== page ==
Comment & Analysis
Oct 22, 2017

Class Rep Elections Show TCDSU Needs to Re-Think Engagement

The poor participation in this year’s class representative elections does not bode well for the union.

Léigh as Gaeilge an t-Eagarfhocal (Read Editorial in Irish) »
By The Editorial Board

This week’s news that 172 classes had not nominated someone to be a Trinity College Dublin Students’ Union (TCDSU) class representative is concerning on several levels. It is firstly an indication of what we should expect from the union this year, but it also raises concerns about the union’s ability to actually engage meaningfully with students, course by course, year by year.

It also suggests that those in the union’s upper echelons have forgotten that not everyone flocks to be involved in the union. Rather, it takes hard graft to make even a small percentage of the 17,000 students in Trinity take notice of what their union does, let alone get people to adopt the kind of diehard union mentality that it takes to rise up its ranks.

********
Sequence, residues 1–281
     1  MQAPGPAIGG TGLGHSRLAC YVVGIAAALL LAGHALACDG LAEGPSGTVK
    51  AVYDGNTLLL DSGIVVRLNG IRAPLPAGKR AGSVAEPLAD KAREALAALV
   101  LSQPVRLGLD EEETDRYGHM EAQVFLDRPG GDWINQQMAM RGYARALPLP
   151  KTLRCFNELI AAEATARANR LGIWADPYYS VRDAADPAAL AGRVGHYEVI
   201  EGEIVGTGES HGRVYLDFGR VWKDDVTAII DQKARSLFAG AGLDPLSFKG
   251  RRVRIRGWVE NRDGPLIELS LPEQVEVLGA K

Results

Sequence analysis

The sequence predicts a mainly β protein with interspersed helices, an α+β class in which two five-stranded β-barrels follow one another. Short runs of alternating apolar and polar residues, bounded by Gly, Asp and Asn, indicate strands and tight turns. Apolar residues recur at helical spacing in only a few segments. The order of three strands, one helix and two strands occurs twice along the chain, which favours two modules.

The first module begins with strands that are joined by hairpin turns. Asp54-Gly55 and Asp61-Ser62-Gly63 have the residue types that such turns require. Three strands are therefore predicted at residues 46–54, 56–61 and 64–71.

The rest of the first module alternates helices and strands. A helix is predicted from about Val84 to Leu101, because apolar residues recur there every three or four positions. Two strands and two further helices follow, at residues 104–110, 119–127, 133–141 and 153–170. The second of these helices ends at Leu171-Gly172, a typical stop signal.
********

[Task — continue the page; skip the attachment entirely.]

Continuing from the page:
While it is not at all unusual to see many classes without representatives in advance of the union’s annual class representative training event, the scale of the problem this year – which sees whole disciplines unrepresented – is unprecedented. It is far from the “quite normal” scenario that Alice MacPherson, the union’s Education Officer, suggested it is.


And now it has become a “we’ll take anyone” situation, with TCDSU essentially offering more than a hundred spots on its foremost decision-making body on a first-come-first-served basis. This makes the union look desperate and disorganised. It is also not a good harbinger of the kind of council that this union needs – one with active and engaged students, eager to actually turn up and represent their peers.

Looking further down the line, it is also important to note that potential sabbatical officers do not magically appear from nowhere. They start off as committed class representatives.

And because of that, it is both a problem in the here and now and one that heralds future woes, considering it can take years to reverse just one year of poor engagement. It is thus time for the union to re-evaluate its current student engagement strategies. The National Student Engagement Programme, which TCDSU has so far refused to engage with, could just well be the solution.